Next we need to deal with partial levels. For example, if the level is 35%, we want to display three full bars and one partial bar, indicating that the level is between 30 and 40. Add the following:
 * We also want to show a partially visible level to 
 * represent the battery level more accurately.
 * E.G. for 34% there should be three fully visible 
 * bars and one partially visible.  We need to work out 
 * which level should be set partially visible
 //deal with the remainder
int partLevel = currLevel%BATTERY_STEPS;
 //find out how many full levels we have
int fullSteps = currLevel-partLevel;
 //find out which is the next level up and 
 //call helper method to set partially visible
if(partLevel>0) setPartStep((fullSteps/BATTERY_STEPS)+1);
This code first determines the remainder of the level after dividing by ten, then calculates how many full levels we have. Finally, if the remainder is greater than zero (e.g. the level is 34 or 79 rather than 30 or 70), the code calls a helper method, passing the number of the step we want to partially display. Next we will write the helper method. After the closing bracket for the "showBars" method but before the closing bracket for the class as a whole, add the following method outline:
 * Helper method to set partial level step drawable
 * - takes the partial level to set visible
private void setPartStep(int partLevel)
 //method implementation
This is the method outline, matching the name we called in the last section of code and taking an integer parameter, which is what we passed from there. Add the following code (between the method brackets):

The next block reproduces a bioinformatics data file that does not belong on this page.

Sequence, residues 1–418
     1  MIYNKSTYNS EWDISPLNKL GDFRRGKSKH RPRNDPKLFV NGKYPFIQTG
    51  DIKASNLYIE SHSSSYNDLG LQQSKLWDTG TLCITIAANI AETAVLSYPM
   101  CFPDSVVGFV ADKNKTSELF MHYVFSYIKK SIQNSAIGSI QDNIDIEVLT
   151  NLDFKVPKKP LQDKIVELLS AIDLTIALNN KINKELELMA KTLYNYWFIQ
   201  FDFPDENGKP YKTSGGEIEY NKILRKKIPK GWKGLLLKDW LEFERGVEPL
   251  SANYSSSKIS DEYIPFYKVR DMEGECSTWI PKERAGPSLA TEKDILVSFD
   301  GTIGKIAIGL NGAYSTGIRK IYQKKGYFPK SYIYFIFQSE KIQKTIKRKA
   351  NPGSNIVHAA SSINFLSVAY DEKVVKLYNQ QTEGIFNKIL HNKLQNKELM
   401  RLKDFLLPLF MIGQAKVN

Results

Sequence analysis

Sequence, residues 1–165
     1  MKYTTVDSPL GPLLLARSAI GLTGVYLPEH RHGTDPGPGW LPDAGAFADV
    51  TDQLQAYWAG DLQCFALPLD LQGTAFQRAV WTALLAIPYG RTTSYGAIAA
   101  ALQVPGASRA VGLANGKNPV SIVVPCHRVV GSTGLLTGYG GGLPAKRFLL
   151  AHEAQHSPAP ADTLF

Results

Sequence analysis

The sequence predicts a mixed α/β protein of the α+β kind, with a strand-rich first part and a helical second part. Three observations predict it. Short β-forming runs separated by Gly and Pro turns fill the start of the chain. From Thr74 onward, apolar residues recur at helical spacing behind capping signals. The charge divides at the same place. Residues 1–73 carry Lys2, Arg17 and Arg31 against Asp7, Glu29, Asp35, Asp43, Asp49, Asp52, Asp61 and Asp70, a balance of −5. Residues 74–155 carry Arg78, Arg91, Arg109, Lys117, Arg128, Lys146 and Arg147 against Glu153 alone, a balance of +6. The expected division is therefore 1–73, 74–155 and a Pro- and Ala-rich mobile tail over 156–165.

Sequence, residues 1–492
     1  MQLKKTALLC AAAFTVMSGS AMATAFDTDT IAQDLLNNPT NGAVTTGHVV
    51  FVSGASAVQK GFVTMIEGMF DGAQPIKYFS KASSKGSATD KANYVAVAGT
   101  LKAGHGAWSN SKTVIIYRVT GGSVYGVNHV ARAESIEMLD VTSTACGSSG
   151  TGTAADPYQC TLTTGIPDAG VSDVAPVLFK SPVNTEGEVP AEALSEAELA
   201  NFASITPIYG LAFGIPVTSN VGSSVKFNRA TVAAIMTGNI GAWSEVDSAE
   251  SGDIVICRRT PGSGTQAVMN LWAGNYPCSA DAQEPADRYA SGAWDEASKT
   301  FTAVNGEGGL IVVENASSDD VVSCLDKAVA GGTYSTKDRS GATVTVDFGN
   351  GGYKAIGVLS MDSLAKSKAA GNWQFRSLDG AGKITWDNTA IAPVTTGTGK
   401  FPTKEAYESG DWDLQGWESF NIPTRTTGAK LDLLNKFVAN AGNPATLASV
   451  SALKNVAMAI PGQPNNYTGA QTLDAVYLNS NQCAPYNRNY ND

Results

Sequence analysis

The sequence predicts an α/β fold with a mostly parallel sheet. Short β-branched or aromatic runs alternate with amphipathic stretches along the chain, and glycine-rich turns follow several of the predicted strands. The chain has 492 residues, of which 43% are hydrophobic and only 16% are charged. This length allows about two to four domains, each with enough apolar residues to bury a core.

//precaution - should not really be necessary
if(partLevel>BATTERY_STEPS) return;
 //the process should only be setting one level
 //I.E. for 45% the fifth bar up from the bottom 
 //should be set partially visible
 //- find out which level and set the image drawable, 
 //then visibility
 case 1:
 case 2:
 case 3:
 case 4:
 case 5:
 case 6:
 case 7:
 case 8:
 case 9:
 case 10:
We use a switch/ case statement here because we only need to set one level partially visible. The switch statement tests which level is to be set. When it hits on the correct one, it specifies the partially transparent image for that level, then sets it to be visible, before breaking out of the statement.

We need one more import statement at the top of the class file:
 import android.view.View;
And that's it! Test your app by launching an AVD and running your widget app on it. When you run a widget app in the emulator, Eclipse (or your chosen IDE) may display error messages informing you that the app cannot be launched, but don't worry. Once you have installed the widget app on a virtual device, add it as you would on an actual device, by long-pressing the homescreen, selecting "Widget" and browsing through the list until you find yours. Once you have it on the homescreen it will keep appearing each time you launch that virtual device.

When you run the widget app on an AVD device, it will display at 50% by default. To see it working properly, export the app and install it on an actual Android device. Here is a sample of the widget at three different levels, running on an actual device.


As mentioned above, you may wish to tailor your widget appearance to different device sizes, depending on your own particular design. If you target SDK version 14, your widgets will automatically be displayed with margins around them, so bear this in mind. If you want to explore this topic to a more advanced level, there are a number of possible areas to consider, such as making the widget occupy more than one cell. Our widget at the moment can only update a maximum of every 30 minutes - if you want to create one that can update more often, you can also look into using the Alarm Manager in conjunction with a Service or Activity class. You can make the widget interactive, by detecting user clicks, for example to allow the user to choose settings such as update frequency. You can also include a configuration Activity class/ Intent in your widget app, to set advanced config details that cannot be set using the XML info file we created for this tutorial.

The source code files contain everything in this tutorial plus some additional notes. To find out more about the topics in this tutorial or to have a go at some of the more advanced topics, see the following sections of the official Android Developer Guide: